CAIRO — An Islamic summit that opened in Egypt on Wednesday lay bare the multiple divisions within the Muslim and Arab worlds, with conflicting approaches to the Syrian civil war exposing the Sunni-Shi’ite sectarian fault lines that have torn the region for years.
Egypt’s Islamist leader sharply criticized President Bashar Assad’s embattled regime in his address to the two-day summit, though he hedged his comments by only making an indirect call for the Syrian leader to step down.
The Syrian government ‘‘must read history and grasp its immortal message: It is the people who remain and those who put their personal interests before those of their people will inevitably go,’’ Egyptian President Mohammed Morsi said.
The conflict in Syria has been deeply divisive in the Middle East, pitting a largely Sunni opposition against a regime dominated by Assad’s Alawite minority — a heterodox offshoot of Shi’ite Islam. Sunni nations such as Egypt, Saudi Arabia, and Turkey have thrown their weight behind the rebels, while Shi’ite heavyweight Iran is Syria’s closest regional ally.
Iraqi Prime Minister Nouri al-Maliki, whose Shi’ite-led government has been ambivalent about the Syrian conflict, offered a more cautious approach. In power for nearly seven years, Maliki is believed to be worried that his grip on power could weaken if the Sunni majority in neighboring Syria succeeds in overthrowing Assad and a new Sunni leadership takes power in Damascus.
Maliki faces a wave of protests against his rule in Iraq’s Sunni provinces and has had to fight Sunni extremists linked to Al Qaeda for most of his time in office.
‘‘Syria suffers from violence, killings, and sabotage,’’ he said and called on the summit to ‘‘find an exit and peaceful solution for its conflict.’’ He called on member states of the Organization of the Islamic Conference, the summit’s organizer, to unite against terror, suggesting that he, like the regime in Damascus, views the rebels fighting the Syrian regime as terrorists.
At least 60,000 people have been killed in the Syrian conflict, where the rebel side is heavy on Muslim militants, many of them linked to Al Qaeda. Hundreds of thousands of Syrians have been displaced, and many of them have found refuge in neighboring nations Jordan, Turkey and Lebanon.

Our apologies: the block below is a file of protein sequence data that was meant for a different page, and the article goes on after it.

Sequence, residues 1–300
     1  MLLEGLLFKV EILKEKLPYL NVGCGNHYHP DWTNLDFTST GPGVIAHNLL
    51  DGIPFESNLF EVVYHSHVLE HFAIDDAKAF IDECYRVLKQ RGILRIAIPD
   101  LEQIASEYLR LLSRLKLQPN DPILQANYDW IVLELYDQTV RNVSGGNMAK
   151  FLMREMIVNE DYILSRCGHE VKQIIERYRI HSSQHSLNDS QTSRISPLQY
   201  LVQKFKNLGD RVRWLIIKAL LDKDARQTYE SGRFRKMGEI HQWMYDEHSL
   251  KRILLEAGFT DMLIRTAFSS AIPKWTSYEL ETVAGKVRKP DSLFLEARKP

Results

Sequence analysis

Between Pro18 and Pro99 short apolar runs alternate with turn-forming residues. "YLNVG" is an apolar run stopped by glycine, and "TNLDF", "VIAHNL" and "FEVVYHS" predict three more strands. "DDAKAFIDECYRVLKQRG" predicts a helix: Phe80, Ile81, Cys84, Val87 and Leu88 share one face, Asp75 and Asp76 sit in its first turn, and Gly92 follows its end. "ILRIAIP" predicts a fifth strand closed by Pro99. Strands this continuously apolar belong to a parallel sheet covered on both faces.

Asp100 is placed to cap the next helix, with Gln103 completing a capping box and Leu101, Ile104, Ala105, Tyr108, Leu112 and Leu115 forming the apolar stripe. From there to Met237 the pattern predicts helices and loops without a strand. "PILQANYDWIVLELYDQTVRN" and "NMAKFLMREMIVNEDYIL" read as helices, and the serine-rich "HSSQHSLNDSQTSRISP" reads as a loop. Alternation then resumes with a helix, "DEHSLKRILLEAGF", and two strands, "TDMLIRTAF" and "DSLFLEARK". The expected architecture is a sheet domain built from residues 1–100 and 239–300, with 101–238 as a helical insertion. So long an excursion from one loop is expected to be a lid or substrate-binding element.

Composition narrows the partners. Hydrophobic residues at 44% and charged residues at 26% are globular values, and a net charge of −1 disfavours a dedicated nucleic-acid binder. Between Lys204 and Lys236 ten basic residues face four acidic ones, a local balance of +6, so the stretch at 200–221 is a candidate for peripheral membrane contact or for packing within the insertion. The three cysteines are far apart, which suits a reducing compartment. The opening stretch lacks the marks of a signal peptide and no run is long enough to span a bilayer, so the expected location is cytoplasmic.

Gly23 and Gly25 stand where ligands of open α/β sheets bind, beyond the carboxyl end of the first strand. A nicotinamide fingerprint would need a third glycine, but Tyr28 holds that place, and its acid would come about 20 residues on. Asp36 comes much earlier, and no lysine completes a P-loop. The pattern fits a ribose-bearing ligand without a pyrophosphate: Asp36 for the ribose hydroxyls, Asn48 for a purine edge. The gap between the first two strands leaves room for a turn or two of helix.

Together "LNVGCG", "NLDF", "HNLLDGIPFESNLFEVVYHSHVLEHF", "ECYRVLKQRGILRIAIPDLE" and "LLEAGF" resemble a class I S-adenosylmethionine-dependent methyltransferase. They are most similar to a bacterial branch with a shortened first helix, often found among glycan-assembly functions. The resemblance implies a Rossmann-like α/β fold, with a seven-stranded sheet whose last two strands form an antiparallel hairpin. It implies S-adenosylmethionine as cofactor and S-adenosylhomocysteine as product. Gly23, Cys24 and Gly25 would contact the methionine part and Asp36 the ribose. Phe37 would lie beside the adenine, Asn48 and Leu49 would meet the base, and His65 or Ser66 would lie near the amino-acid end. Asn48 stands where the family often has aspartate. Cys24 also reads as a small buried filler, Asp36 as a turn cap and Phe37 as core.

Later on Wednesday, another Syria-related event reflected the divisive impact of the conflict there.
Saudi Arabia stayed out of a gathering of Morsi and the presidents of Turkey and Iran on the sidelines of the summit to discuss Syria. Saudi Crown Prince Salman, who was heading his country’s delegation to the OIC summit, left Egypt just before the mini-summit was held. Morsi has been trying to form a working group of the four countries to address the Syria crisis. But Saudi Arabia has only attended the ‘‘quartet’s’’ first meeting several months ago.
Egyptian officials insist that the Saudis have not pulled out, and an Egyptian presidential spokesman said Salman left because of other, personal engagements. The Saudi foreign minister stayed to attend the OIC summit.
But it is widely suspected that the kingdom has quit the group because they could not see the point of working with Iran, Assad’s most ardent backer, to resolve the conflict there.
Morsi has worked for a thaw in ties with Iran, with which Egypt cut ties following the 1979 Islamic Revolution. The Egyptian leader gave a warm welcome Tuesday to Iranian President Mahmoud Ahmadinejad upon his arrival in Cairo for the summit.
In a sign of Tehran’s hopes for better relations, Ahmadinejad offered to provide Egypt with ‘‘a big credit line’’ to help salvage the country’s faltering economy. ‘‘If the two peoples cooperate and join forces, they can become an important element,’’ Ahmadinejad told the state-run Al-Ahram daily.
Egypt’s government had no immediate reaction to Ahmadinejad’s offer